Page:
Helen’s Blog

Gardening Tips September

Thursday, September 2nd, 2010

There is one little cheat’s trick that will instantly revive a tired September garden:  Go out and edge the lawn, if you have one, and then take hand fork and loosen the soil at the very front of your borders and winkle out any young  weed seedlings or wisps of stray grass that have wandered in there.  I have just been grubbing around outside myself (I have been writing books this summer rather than gardening, and things have got away from me a bit) and the transformation is amazing.  Coupled with a bit of snipping and tweaking here and there, and the garden will stagger on quite attractively for another month before the big Clear Up starts in earnest in October.

I am often asked how you make a garden ‘last’ longer – most people are very good at planting spring bulbs and high-summer show-off plants, but fail to leave room for flowers that look their best in August and September.  If its blowsy colour you are after make space next year for a generous clump of lovely lofty, pleated daisies with ferny foliage – Cosmos bipinnatus – the tall ones not the boring dumpy ones called ‘Sonata’.  You can grow them from seed in individual pots on a windowsill – but don’t sow them till May since they germinate quickly. They will flower in profusion from late July until the frosts.   Many perennials cut back in July put on an extra show in late summer, and my Hybrid Musk roses (‘Penelope’ and ‘Buff Beauty’) are now coming back into flower, too.  Still looking quite smart in my borders is a hunky, late flowering Phlox (P. paniculata ‘David’), a blue Aster frikatii ‘Monch’ and a huge white single Shasta daisy (Leucanthemum maximum).  Other asters – ‘Little Carlow’ and ‘Harrington Pink’ will show up in a few week’s time, and all the while deep yellow, black-eyed Rudbeckia ‘Goldsturm’ glows on and on.

Gardening Tips June

Saturday, June 12th, 2010

Is this everybody’s favourite month? I suspect it is.  The evenings are at last warm enough to sit outside and appreciate the heavy scents of high summer.  Lovely wafts come from the flowers of a superb silver-leafed shrub Eleagnus ‘Quicksilver’, from the perennial white stock (Matthiola perennis) that I grow in large pots all around my terrace, and the white sweet rocket (Hesperis matronalis ‘Alba’) dotted around in the semi-shade of my borders together with the almost sickly-sweet  smell of a small pot of Zalulanskya – an annual night-scented stock relation – that sits in the middle of my garden table.  And as if that was not enough, any moment now the tiny white star-shaped flowers of the so-called evergreen jasmine (Trachelospermum jasminoides) will join the headily-perfumed throng.  There is a reason so many night-scented flowers are white: they attract pollinating moths in the gloaming.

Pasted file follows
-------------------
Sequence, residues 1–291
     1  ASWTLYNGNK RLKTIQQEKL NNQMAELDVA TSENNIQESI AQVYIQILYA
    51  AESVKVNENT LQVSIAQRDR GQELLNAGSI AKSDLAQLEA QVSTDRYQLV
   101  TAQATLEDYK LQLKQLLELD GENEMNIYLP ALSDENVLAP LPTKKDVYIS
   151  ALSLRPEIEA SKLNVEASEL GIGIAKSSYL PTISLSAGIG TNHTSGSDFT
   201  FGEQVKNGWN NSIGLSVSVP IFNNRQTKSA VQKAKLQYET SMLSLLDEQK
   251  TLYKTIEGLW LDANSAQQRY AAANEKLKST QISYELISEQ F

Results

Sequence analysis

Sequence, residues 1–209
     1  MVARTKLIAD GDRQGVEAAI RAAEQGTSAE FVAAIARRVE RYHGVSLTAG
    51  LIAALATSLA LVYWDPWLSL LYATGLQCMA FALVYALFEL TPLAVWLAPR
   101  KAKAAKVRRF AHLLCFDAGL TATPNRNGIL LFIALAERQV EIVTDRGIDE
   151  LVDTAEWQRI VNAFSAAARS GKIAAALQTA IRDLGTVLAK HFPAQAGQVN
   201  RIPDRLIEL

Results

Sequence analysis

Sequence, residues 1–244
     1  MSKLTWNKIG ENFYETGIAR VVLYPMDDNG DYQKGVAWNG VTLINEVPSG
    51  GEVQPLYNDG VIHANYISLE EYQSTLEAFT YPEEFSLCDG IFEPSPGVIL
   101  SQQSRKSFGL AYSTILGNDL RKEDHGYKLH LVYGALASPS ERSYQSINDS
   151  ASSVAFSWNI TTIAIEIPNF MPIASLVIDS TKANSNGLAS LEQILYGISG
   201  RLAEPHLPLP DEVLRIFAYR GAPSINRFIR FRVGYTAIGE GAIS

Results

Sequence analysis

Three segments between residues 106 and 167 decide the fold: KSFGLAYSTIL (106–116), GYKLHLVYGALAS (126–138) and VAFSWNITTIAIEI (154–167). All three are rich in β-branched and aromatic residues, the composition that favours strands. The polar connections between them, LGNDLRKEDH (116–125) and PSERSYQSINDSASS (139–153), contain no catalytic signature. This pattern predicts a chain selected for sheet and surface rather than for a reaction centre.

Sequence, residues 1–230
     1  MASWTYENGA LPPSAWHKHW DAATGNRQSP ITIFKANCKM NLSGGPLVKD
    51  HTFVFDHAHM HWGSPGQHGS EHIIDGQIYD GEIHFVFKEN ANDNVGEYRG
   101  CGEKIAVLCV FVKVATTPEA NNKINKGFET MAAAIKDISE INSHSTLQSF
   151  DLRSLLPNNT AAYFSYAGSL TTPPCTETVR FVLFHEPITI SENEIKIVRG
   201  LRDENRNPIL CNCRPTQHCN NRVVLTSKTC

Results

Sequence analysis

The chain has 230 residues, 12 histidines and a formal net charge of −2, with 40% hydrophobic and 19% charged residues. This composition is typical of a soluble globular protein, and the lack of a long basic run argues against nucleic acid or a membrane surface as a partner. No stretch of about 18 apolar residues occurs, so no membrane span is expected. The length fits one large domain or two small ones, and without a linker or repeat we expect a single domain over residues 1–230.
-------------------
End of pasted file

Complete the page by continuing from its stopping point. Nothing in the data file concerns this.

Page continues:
My pond, however, is having a prolonged green water moment.  To control the algae I floated small bags of barley straw in the water some weeks ago (each with a small empty sealed plastic drinks bottle inserted deep into the middle for buoyancy, to keep them in the sun).  As the straw rots it releases hydrogen peroxide into the water which inhibits the growth of blanket weed and other algae.  It takes a long time to work, and while it does you have to keep hauling out the green, hair-like stuff (and rescuing tadpoles caught up in it) but gradually, miraculously, the water does clear.

Gardening Tips May

Wednesday, May 5th, 2010

May – just before all heaven breaks loose – is a big month in the garden.  Fending off serious slug and snail invasions is a serious business.  I use a combination of methods and copper and grit barriers (such as the highly effective one from EcoCharlie) feature heavily.  In fact with Hostas and spreading plants such as Brunnera ‘Jack Frost, I cover the entire crown of each with the coarse, extra rough stuff, so important is it that their lovely leaves stay intact.

The other must-do job for May – if you haven’t done it already – is a thorough appraisal of all herbaceous border plants to decide what supports are needed:  If you don’t get things in place now, it will be too late and you will find yourself in a few weeks time standing on one leg in a crowded border trying to ‘rescue’ plants that have flopped after heavy rain.  With plant supports, it is definitely a case of horses for courses:   Unless I have a decent source of twiggy sticks with which to make a supportive forest, I make sure that each growing stem of lofties such as delphiniums gets a slim cane to which it will be tied in every few inches as it grows – really worth the bother, since most spires become catastrophically top heavy after rain.   Other plants will need metal hoops on legs placed so that they will stop them from falling all over each other, and herbaceous geraniums such as G. ‘Johnson’s blue’ are completely transformed if they are grown through a circular grid frame (no more flopping open in the middle as they age).  Put in place before the border fills out, all this corsetry becomes invisible in high summer.

Finally:  You can stop the cat getting stoned and sunbathing in the middle of your nepeta by bunging an obsolete hanging basket over its heads (the nepeta not the cat).

Gardening Tips April

Monday, April 5th, 2010